This was followed by Ulrika Kreicbergs from Sweden discussing parents’ perception of the care of children with SMA both in Sweden and Denmark, drawing on different papers addressing this issue. Prof Monika Führer (Germany) looked at Advance Care Planning (ACP) in Paediatric Palliative Care specifically from the perspective of parents and health care professionals.  She highlighted the challenges of conversations around ACP and the need to hold these despite knowing parents may not be ready for such discussions. The main themes highlighted included: communication, decision making and the need for time to digest information; and the need for documentation. Following on from their study they have developed a programme for ACP and are currently piloting it.

Hot topic – use of cannabinoids in CPC

Dr Sat Jassal

After a well deserved coffee break and poster viewing, Sat Jassal (UK) started the discussion around evidence based prescribing in children’s palliative care, setting out important principles, and the importance of using and learning from the evidence. The role of cannabinoids in children’s palliative care is a hot topic and Renee McCulloch (UK) addressed this. She said that often health professionals are stuck in the middle between policy makers, parents and patients with regards to the use of cannabis so it is important to have an understanding of its use. However the evidence is poor, particularly in its use in children.

Boris Zernikow then spoke on how to assess and manage neuro-irritability in children with severe neurological impairment. He set the scene with four videos of children demonstrating such irritability and then utilised a case study to demonstrate how this can be managed. He continued the evidence based theme by sharing preliminary results from a number of studies.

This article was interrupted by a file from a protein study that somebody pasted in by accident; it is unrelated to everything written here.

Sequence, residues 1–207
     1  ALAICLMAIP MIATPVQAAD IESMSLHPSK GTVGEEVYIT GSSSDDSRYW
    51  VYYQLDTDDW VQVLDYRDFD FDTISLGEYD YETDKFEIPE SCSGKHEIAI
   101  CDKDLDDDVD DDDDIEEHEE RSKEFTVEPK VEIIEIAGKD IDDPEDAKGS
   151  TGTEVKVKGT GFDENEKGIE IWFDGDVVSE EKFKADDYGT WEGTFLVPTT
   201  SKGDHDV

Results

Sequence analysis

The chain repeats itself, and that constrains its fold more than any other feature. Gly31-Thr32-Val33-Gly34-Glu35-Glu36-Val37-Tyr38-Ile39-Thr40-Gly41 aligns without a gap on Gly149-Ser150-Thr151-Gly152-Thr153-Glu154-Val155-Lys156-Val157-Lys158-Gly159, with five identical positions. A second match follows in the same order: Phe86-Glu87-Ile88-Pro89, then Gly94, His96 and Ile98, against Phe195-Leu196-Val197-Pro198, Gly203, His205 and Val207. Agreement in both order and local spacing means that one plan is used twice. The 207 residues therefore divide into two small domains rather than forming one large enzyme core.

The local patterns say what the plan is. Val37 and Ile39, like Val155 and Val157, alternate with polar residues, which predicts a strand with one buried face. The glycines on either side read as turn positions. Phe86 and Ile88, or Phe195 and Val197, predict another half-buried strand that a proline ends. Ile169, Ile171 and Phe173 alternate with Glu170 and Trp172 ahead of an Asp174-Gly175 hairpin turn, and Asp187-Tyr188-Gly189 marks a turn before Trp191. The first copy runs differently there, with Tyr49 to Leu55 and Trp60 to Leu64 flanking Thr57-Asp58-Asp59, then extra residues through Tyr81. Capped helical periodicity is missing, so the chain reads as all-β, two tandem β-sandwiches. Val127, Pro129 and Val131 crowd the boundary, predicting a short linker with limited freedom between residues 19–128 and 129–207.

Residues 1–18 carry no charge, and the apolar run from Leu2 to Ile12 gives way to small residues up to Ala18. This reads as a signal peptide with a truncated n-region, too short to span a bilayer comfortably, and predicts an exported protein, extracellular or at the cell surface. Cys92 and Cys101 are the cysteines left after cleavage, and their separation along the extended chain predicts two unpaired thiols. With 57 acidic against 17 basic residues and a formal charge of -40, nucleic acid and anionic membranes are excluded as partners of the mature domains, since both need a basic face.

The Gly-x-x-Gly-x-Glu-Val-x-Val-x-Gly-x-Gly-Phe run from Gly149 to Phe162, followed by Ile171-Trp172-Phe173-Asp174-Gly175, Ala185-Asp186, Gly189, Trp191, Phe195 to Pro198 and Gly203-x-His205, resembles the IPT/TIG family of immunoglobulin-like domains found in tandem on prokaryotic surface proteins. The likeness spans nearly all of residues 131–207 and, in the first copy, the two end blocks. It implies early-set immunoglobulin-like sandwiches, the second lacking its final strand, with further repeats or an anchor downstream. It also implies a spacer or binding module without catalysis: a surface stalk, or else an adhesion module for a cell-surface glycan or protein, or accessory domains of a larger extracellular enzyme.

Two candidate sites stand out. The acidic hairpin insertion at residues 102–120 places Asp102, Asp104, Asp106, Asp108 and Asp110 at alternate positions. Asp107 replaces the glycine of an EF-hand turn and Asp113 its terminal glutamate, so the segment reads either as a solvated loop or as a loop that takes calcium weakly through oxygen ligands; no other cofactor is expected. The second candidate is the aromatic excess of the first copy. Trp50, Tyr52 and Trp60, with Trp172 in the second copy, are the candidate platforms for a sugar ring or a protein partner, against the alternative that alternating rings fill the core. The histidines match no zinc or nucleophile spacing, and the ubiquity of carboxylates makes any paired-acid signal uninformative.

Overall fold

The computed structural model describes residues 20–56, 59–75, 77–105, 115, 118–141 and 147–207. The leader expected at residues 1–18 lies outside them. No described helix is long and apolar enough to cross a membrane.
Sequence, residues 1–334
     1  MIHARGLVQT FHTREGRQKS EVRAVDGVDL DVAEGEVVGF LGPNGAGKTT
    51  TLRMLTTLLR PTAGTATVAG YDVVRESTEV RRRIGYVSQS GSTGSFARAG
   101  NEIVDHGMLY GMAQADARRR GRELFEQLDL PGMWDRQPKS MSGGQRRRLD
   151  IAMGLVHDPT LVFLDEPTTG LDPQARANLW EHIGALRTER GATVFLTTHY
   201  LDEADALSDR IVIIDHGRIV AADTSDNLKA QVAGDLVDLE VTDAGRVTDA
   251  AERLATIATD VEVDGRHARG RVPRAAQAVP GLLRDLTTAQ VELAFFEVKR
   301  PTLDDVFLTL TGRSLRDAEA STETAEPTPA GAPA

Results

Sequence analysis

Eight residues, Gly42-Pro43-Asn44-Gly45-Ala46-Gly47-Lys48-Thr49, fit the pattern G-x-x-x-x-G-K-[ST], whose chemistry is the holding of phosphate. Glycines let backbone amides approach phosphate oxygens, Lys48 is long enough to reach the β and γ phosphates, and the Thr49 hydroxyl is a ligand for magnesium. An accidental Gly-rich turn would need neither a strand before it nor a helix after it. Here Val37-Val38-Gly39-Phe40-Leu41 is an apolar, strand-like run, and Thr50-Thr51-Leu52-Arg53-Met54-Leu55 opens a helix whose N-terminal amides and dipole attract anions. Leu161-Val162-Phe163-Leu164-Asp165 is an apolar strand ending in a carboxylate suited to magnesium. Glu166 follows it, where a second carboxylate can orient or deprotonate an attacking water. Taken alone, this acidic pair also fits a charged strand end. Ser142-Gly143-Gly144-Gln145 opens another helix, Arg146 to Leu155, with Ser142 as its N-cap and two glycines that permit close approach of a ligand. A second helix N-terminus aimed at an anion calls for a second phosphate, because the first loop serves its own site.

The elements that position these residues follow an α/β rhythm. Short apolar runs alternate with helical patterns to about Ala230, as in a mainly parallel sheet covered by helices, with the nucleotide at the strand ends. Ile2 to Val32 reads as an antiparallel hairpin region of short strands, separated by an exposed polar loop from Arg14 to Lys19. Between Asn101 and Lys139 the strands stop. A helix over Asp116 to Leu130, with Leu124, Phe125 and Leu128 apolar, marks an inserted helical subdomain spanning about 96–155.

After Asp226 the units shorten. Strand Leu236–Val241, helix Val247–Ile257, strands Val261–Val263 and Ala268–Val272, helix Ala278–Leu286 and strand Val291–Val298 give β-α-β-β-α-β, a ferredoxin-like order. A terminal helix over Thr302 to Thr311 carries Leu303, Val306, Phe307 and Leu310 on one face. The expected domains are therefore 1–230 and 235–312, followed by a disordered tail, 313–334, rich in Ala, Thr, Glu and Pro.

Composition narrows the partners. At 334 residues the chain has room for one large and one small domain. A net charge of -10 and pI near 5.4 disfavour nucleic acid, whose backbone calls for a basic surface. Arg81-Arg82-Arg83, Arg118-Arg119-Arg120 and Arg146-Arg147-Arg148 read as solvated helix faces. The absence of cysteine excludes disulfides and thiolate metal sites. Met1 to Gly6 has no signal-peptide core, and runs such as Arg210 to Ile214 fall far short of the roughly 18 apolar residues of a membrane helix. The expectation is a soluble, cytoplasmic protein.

Contemporary issues in children’s palliative care

After lunch six presentations made up a session on contemporary issues in children’s palliative care. Presentations were chosen from submitted abstracts and included a range of topics. Three presentations looked at the use of three specific medications – Aprepitant (Bhumik Patel UK), Clondine (Aine Ni Laoire Ireland) and Tapentadol (Benjamin Gronwald Germany). Alongside this, Emma Beecham explored the use of the term ‘Quality of Life’ in consultations with children with high risk brain tumours, Rebekah Merriman looked at assessing and addressing the needs of adolescents receiving palliative care in Uganda, and Maha Atout from Jordan explored the experiences of families in Jordan with a second or third child with palliative care needs.

Final session of the day

The final session of the day addressed various challenges in paediatric palliative care including the attitudes of Consultant Physicians in Palliative Medicine in Ireland towards providing palliative care for children (Coman Hennelly) and inequalities in children’s place of deaths in Denmark (Sanne Lauren Wolff). The final two presentations of the day enabled us to think about the challenges of decision-making in palliative care (Eduardo Verhagen, The Netherlands) and Accompanying the Child at the End of Life (Danai Papadatau, Greece). Both very thought provoking presentations asking how do we make decisions, who makes them and how does this vary in different places? What is our role in supporting the family through decision making? Danai shared her experiences in accompanying the child at the end of life, the impact on us as carers and lessons learnt. She described accompanying children as being about creating a safe haven, providing a secure base, holding and containing suffering and facilitating, building, and enhancing exploration.


Poster viewing during the seminar

Posters were on display throughout with workshop. With 69 posters presented in the  category on children and adolescents, and others spread throughout the other poster categories. Posters will be available to view on the Conference website after the conference. Three posters were highlighted as the top abstracts within the category These were:

  • A program of study to increase research access and participation by Children and Young People with LLC and LLI and their families: Barriers to research access: Voices, Experiences and Solutions.
  • The BRAVES Project (Butler et al); Supporting families to clarify treatment preferences for emerging conditions in paediatric palliative care (Deinert et al); and
  • Making the invisible more visible: A retrospective study identifying children and adolescents with complex chronic conditions and their access to specialist palliative care teams (Friedel et al).